By Pamella Pride, Epicure of Design
From artistic interpretations of themes to lavish displays of floral elegance and extravagance, quality flower shows capture the hearts of floral and garden enthusiasts each year. Here are highlights from two of the most recent top shows in floral display and design.
2011 Newport Flower Show
Steeped in the history and luxury of Rosecliff, a mansion renowned for hosting some of the most extravagant parties of the early 20th century, the 2011 Newport Flower Show, held June 24-26, exuded lush gardens, sculptures, magnificent architecture, and rich floral designs under the theme, “Entertaining—Newport Style.”
The show’s highlight was an interpretation of the Blue Garden, originally unveiled in 1913. Recreated by landscape designer Catherine Weaver of Tupelo Gardenworks, Ltd., of Wakefield, R.I., it included nine smaller gardens by exhibitors and was the majestic centerpiece of the front lawn. Colorful blue hydrangeas and detailed sculptures, along with blue-accented furniture or backdrops, enriched the site. Hanging floral and fern candelabras, dangling from a large tree overhanging part of the entrance to the gardens, added to the ambiance. After walking through the gardens, guests were greeted with additional floral arrangements within the mansion.
An afternoon lecture by Oasis design director and floral trend consultant Kevin Ylvisaker AIFD, PFCI gave a hands-on demonstration of floral design. Innovative ideas such as tall glass vases filled with water pearls and orchids to replace tall candlesticks rising up out of colorful floral arrangements were an eye-catching alternative, as is filling a vase completely with floral. New vibrant colors in wedding floral are achieved using dyed, bright-blue orchids or hot pinks and oranges, says Ylvsiaker, who also noted that cascade bridal bouquets are making a comeback. Sylvia Weinstock, the “Queen of Cake,” also spoke. Her lavish, edible, sculptural sugar floral designs, specifically for weddings, are highlighted in her book, Sensational Cakes. She notes wedding floral, china, embroidery, and bead detail in the bride’s dress, are all considerations in the design of the cakes.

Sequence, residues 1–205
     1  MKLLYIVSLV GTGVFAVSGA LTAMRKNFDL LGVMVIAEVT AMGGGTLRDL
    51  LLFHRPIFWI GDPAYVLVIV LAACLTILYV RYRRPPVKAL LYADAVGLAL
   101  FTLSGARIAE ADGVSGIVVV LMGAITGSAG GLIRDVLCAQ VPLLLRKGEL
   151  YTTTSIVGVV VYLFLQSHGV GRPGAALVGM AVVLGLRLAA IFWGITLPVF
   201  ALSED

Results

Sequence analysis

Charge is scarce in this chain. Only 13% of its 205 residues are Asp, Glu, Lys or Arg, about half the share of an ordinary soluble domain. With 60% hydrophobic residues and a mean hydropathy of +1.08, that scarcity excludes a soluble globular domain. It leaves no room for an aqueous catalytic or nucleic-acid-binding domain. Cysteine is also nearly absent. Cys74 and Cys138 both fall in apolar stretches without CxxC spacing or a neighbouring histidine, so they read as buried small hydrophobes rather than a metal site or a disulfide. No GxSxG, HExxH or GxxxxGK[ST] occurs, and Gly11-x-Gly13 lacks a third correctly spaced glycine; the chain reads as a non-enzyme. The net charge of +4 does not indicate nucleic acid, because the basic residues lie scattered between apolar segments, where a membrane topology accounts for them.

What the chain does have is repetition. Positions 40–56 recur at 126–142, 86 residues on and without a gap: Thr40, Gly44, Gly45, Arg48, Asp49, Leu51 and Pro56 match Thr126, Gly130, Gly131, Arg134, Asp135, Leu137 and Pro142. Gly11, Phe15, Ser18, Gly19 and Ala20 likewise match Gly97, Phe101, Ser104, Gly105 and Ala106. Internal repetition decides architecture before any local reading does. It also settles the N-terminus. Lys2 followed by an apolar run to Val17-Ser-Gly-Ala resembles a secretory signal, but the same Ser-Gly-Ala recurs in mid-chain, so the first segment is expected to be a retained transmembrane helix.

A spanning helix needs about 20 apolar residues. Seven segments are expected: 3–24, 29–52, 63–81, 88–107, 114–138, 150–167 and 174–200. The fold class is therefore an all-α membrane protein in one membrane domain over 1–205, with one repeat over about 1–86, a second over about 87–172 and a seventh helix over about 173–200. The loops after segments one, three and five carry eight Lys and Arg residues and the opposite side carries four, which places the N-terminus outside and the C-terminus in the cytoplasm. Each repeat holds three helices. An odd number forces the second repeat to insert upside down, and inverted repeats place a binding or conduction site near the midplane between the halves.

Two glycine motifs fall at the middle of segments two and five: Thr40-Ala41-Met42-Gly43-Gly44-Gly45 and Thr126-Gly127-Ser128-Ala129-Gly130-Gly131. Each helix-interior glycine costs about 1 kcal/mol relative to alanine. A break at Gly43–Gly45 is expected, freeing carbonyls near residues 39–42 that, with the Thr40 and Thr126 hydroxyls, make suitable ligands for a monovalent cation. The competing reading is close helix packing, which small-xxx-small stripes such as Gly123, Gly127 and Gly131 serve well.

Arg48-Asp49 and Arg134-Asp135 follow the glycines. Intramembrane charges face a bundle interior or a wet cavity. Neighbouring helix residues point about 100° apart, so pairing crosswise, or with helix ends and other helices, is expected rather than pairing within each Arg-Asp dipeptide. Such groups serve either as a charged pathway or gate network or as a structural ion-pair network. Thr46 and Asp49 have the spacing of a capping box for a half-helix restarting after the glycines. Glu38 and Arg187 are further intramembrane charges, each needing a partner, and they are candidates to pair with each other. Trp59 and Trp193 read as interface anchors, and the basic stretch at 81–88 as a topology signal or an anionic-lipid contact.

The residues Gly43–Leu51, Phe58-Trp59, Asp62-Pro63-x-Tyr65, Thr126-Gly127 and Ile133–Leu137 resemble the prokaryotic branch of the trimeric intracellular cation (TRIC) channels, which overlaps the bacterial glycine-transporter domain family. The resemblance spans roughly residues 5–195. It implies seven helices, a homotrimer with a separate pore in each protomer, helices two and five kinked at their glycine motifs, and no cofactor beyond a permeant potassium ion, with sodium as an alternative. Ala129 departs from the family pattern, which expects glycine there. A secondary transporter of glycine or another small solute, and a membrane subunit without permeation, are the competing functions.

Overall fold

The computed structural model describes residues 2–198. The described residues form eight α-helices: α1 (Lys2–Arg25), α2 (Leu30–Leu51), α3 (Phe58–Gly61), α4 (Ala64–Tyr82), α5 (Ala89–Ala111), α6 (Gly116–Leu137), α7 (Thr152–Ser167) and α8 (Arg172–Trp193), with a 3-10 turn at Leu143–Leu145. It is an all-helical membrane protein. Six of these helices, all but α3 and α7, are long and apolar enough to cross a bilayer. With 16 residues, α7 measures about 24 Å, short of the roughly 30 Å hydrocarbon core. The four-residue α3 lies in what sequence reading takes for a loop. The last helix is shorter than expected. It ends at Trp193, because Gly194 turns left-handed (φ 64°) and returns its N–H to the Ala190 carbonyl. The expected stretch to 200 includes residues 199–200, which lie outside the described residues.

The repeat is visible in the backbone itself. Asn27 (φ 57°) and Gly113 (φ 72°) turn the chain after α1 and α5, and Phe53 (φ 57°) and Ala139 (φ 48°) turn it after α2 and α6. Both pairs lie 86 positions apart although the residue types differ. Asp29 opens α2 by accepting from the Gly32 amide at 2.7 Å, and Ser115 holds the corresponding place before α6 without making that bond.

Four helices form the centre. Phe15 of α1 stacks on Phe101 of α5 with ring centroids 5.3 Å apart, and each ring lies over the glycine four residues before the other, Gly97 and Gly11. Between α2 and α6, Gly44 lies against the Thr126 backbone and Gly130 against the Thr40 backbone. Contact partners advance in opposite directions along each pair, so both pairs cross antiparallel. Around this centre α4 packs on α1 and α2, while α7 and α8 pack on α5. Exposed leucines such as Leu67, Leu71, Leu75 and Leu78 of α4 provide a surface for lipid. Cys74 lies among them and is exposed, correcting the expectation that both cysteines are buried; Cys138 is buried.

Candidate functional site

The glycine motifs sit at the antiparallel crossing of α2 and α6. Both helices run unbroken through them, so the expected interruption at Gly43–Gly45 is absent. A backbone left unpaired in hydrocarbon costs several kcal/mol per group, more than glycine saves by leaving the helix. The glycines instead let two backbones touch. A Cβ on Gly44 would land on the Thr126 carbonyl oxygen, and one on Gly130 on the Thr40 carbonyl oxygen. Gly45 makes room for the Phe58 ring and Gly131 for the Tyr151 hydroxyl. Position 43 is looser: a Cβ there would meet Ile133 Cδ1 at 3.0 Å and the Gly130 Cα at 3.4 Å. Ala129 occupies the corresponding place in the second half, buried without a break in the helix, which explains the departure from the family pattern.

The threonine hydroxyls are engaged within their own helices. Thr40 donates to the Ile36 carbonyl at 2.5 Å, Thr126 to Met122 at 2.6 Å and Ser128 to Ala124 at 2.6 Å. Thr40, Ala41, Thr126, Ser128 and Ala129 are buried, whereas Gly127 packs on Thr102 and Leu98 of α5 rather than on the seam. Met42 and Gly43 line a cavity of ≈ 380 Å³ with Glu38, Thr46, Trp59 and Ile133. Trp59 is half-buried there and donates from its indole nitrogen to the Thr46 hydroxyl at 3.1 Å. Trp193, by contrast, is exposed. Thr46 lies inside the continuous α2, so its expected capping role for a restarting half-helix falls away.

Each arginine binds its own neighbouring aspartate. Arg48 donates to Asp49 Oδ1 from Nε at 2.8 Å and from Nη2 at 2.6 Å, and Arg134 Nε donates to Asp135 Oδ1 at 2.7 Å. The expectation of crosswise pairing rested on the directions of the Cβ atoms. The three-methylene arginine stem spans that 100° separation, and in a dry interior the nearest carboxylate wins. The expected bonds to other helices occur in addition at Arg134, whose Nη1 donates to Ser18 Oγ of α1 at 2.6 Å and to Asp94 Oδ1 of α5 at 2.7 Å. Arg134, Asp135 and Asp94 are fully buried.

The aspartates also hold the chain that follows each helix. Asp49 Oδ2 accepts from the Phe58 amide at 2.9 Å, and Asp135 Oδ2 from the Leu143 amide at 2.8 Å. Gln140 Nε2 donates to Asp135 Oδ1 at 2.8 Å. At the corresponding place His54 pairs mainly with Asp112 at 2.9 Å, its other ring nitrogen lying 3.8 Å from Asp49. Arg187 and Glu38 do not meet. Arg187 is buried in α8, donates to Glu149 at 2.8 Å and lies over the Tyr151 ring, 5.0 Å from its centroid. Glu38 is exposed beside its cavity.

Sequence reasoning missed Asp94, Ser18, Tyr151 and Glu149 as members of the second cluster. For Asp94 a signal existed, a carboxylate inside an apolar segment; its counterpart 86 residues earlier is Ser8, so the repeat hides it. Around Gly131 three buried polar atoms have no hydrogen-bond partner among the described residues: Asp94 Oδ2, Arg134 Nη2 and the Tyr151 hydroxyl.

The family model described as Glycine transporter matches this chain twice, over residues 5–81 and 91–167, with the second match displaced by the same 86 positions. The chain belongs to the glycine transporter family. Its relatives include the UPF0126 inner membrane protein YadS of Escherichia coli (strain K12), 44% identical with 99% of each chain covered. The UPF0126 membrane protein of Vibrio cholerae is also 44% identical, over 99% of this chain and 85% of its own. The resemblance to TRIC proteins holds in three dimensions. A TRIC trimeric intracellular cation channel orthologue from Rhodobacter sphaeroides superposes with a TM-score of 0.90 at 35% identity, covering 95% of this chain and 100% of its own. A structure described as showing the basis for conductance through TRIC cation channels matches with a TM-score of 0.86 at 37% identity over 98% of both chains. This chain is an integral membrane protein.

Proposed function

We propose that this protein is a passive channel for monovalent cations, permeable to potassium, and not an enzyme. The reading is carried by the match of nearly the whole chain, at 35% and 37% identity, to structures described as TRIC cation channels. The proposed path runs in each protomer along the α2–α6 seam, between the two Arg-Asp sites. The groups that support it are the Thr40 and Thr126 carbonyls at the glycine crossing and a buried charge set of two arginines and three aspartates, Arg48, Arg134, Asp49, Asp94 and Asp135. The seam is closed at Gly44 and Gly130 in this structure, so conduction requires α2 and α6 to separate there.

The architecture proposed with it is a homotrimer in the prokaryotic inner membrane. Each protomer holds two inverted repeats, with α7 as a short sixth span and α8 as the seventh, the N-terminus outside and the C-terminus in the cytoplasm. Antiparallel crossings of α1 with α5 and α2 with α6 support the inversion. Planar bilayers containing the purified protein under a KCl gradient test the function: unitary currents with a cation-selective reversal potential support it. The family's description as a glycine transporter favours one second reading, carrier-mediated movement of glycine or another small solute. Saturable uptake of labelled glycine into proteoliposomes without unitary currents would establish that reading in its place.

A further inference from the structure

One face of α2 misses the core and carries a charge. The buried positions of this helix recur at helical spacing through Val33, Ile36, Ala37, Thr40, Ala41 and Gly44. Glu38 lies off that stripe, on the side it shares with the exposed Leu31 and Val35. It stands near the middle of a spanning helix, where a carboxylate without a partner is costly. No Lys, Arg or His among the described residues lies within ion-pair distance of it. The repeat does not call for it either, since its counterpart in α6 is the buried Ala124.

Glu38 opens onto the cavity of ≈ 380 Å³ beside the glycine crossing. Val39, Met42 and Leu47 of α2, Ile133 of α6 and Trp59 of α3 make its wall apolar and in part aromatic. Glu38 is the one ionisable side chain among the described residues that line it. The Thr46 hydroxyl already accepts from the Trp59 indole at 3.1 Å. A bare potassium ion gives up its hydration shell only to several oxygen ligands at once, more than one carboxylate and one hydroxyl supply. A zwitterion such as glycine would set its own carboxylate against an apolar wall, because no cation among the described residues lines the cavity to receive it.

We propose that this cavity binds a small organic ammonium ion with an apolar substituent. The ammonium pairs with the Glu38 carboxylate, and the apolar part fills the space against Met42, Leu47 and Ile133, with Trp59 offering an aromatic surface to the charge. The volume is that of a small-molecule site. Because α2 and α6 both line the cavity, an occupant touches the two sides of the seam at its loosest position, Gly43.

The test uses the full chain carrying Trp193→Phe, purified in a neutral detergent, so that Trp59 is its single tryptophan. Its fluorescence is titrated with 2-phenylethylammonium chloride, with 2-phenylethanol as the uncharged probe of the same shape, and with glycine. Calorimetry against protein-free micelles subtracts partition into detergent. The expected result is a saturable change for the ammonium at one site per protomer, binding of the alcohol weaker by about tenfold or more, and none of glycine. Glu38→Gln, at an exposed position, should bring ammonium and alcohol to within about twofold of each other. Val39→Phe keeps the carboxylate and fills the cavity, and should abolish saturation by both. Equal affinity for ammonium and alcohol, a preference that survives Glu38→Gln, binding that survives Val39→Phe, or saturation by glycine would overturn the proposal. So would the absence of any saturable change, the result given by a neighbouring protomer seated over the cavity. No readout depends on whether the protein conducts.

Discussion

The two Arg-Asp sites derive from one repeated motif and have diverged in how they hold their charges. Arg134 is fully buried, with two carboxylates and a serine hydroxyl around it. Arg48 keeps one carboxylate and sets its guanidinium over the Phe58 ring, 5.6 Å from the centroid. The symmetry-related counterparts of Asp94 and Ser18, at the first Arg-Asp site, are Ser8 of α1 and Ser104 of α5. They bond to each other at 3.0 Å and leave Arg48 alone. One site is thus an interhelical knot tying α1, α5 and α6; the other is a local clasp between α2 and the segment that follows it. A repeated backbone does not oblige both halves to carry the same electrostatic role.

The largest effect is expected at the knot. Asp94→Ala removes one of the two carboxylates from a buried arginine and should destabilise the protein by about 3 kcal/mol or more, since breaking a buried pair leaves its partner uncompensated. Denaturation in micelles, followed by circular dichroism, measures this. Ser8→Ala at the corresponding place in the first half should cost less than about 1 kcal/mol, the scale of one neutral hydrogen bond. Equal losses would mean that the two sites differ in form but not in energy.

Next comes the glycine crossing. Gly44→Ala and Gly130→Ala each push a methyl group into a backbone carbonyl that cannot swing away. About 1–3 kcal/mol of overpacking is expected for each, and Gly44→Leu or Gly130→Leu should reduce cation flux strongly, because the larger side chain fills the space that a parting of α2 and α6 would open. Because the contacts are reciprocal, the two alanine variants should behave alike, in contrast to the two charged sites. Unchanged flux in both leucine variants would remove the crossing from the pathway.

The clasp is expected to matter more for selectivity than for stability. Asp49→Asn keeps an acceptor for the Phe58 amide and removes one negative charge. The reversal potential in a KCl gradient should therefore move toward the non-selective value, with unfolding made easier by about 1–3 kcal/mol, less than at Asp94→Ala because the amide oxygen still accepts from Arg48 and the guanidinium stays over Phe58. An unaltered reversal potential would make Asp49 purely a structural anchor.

10th World Flower Show
The World Association of Flower Arrangers (WAFA) 10th World Flower Show in Boston, Mass., was a spectacular array of floral arrangements in 30 categories themed to “This Glorious Earth.” Participants, representing 32 countries, competed with floral displays ranging from literal to abstract. Held every three years, this was the show’s first appearance in the United States. The next will be held in Ireland in 2014.
The categories of wind, electricity, fireworks, storm, fire, and dance exuded tremendous energy. The exploding bright reds and oranges in the fireworks and fire categories created floral flame-like movement, juxtaposed with charred wood or greenery, while large mobile firework floral displays imitated swirls and bursts of color in fine detail. Wind and storm were similar in movement with twisting and tangled floral, be it a bundle of blown leaves or a mass of floral debris turned into a sculptural moment in time. The floral displays, with three-dimensional interest, told a story, which became part of the energy of the occasion.
Many categories became life-like with their detailed use of a 360-degree view that changed as you saw it from different locations. In the chameleon category, some changed from day to evening, bright green to weathered brown, or subtle to exploding. The hanging spheres in the space category and the towering floral beings in the beasts category embraced the use of scale and presence to transform an environment.
Other categories, such as reef, seasons, and sunsets, set the tone for a destination beach or tropical affair. The bright yellow, orange, and red sunset floral innovatively captured a moment. The seasons category took a fun and stylish look at using floral and mannequin figures to create a presence of fashion and sculptural style. As an added highlight to the event a lecture by John Loring, renowned design director emeritus of Tiffany & Co., spoke about the history of floral and its first introduction into Tiffany jewelry. ••
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